After settling in Muncie, Indiana, Bryce Ernest Taylor discovered Indianapolis as the place that would support his musical endeavors, in addition to other areas of the state. The singer-songwriter also plays in surrounding states, such as Michigan at the Folk Alliance Region Midwest music conference in Grand Rapids.
“I think there is a really strong community of support and definitely a strong community of musicians here. Personally, I am currently pleased with many of the gigs and venues I am able to play. I feel fortunate and I am beginning to extend the areas in which I play more regularly into the Bloomington area (southern Indiana), as well. Now, as an empty nester, I hope to also tour outside of the state some.”
Bryce refers to the importance of connecting with others in various ways, whether it be a connection between artist and listener, between artist and artist, or between artist and a group, which in turn can create a sense of community.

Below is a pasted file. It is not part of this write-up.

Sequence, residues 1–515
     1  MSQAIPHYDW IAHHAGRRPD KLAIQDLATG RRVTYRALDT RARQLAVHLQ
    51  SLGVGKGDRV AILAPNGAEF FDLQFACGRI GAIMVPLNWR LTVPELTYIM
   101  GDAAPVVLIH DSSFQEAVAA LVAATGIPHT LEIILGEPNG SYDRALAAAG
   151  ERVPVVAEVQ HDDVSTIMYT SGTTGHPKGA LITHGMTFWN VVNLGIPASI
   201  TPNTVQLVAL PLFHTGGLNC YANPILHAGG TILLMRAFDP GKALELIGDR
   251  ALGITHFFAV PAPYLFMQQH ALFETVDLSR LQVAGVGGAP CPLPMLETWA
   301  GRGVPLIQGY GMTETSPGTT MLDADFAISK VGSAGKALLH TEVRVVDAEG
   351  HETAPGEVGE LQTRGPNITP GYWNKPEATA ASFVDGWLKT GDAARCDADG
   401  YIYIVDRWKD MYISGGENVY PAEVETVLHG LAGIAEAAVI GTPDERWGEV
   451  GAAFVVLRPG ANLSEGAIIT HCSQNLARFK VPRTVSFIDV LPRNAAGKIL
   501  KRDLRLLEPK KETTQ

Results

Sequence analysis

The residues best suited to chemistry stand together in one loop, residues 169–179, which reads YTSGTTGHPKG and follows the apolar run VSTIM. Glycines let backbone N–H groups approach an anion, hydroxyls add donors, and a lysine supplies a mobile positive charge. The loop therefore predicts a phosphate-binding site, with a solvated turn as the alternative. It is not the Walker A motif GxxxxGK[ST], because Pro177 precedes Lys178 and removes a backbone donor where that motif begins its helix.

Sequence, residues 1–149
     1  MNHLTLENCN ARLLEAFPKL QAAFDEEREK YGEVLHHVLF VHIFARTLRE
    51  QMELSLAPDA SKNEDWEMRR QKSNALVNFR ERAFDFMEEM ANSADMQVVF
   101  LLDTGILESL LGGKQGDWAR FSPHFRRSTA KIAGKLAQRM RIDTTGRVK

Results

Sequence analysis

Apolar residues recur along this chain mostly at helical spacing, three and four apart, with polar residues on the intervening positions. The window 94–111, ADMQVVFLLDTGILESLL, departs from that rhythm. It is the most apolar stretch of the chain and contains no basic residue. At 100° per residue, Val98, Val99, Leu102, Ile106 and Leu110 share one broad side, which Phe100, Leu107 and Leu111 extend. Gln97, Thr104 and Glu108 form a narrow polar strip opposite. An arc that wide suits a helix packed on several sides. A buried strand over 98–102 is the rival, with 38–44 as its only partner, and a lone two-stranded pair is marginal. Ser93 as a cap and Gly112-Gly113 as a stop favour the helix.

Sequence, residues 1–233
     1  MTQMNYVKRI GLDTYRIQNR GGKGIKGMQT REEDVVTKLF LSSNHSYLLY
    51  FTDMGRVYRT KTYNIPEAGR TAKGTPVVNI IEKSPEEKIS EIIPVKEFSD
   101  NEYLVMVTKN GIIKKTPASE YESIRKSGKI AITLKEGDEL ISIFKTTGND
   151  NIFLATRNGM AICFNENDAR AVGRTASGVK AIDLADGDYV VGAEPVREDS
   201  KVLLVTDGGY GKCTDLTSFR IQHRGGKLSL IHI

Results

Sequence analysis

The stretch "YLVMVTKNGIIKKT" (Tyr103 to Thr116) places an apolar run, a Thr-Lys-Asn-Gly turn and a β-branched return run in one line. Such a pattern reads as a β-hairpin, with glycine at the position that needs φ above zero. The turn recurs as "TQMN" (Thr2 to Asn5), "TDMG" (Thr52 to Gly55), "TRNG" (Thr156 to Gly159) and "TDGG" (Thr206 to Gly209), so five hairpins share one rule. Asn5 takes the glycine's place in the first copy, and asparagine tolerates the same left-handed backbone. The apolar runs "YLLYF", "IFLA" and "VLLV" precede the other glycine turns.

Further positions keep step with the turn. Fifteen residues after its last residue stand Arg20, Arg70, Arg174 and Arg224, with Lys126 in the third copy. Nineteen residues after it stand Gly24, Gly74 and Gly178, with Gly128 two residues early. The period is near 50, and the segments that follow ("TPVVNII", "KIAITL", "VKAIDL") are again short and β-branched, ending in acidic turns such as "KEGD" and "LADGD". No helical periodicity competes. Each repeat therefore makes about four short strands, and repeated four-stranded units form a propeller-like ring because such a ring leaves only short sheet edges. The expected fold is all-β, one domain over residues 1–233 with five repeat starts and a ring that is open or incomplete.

There is a connection where the listener feels that the artist is singing directly to them, whether it is at a live performance or over the radio, and this is what Bryce mentions and alludes to when it comes to whom and what his early inspirations were, and how those who influenced him later in his career formed his perception of how his performances can be a drive to form community.
When it came to songwriters who inspired Bryce early in life, such as Jim Croce, James Taylor, and Simon & Garfunkel, Bryce mentions ‘I felt like they were singing to me, so there was that first connection.’ Other influences making the connection with Bryce throughout the years included singer-songwriters/storytellers/performers David Wilcox, John Gorka, John Prine and, as previously mentioned, Don Conoscenti. Ray Lamontagne, Jack Johnson, Jason Mraz, The Avette Brothers, Noah Gunderson are contemporary artists who also made an impact on Bryce Ernest Taylor’s songwriting.